My final meal was a delicious lunch at Osteria di Passigno in Tuscany. The restaurant sits next to an ancient abbey house where a few monks still reside. The fields are filled with grape vines. A few varieties of wine are grown here, but the pride and joy is the Chianti Classico, a designation of wine that is solely made in this area.
After a quick tour of the winery and gardens, we were treated to a multi course meal that started with an extra virgin olive oil tasting and finished with pear-filled puff pastry drizzled with locally grown honey.
My favorite dish was a brothy fish stew accented with shaved vegetables that rose like stalagmites from the center of the dish.
I arrived home after a lengthy day (I mean 24 hours) of traveling. After a day of emptying suitcases, petting the parent-deprived dog and checking in with pals, I found myself in the kitchen. Inspired as I was, my first dish was neither pasta nor pizza. Instead, it was the delicious Mediterranean inspired fish dishes that won me over.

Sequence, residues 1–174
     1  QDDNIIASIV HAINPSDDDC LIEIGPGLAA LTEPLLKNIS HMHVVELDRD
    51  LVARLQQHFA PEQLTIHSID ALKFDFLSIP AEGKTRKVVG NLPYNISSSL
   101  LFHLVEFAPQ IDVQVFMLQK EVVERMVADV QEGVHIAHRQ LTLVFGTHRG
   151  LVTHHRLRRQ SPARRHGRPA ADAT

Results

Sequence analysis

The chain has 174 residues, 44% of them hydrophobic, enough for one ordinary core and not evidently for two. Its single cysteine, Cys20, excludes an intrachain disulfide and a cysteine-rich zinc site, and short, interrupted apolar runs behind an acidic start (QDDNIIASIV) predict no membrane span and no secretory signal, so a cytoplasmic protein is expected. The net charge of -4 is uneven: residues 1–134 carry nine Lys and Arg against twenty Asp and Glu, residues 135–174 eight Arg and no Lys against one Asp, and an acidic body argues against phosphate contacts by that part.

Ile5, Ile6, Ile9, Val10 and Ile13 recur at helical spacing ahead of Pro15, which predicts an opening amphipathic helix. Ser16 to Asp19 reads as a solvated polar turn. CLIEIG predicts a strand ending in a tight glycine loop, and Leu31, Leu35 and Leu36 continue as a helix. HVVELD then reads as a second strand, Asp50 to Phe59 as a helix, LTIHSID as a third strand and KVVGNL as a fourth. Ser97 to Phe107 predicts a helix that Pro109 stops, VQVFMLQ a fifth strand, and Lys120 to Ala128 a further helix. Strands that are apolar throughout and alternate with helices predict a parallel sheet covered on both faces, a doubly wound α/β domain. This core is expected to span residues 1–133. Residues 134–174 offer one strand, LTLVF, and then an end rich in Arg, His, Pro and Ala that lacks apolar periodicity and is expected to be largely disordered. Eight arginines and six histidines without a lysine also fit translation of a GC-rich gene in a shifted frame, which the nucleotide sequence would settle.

It took only a quick trip to the market to come up with the ingredients for one of my favorite dishes from SUNDAY BEST DISHES, Puttanesca Poached Cod. I share it with you, not only because it is a simple, yummy dish, but also, because it might inspire you to make Italy a destination in your travel plans.
Puttanesca Poached Cod
MAKES 4 SERVINGS
2 tablespoons olive oil
1 (7-ounce) tin flat fillets of anchovies packed in oil
1 (14-ounce) can marinated artichoke hearts, about 8 to 10 medium size, sliced
1/3 cup Kalamata olives, pitted and chopped
6 large garlic cloves, peeled and sliced, about 2 tablespoons
2 tablespoons capers, drained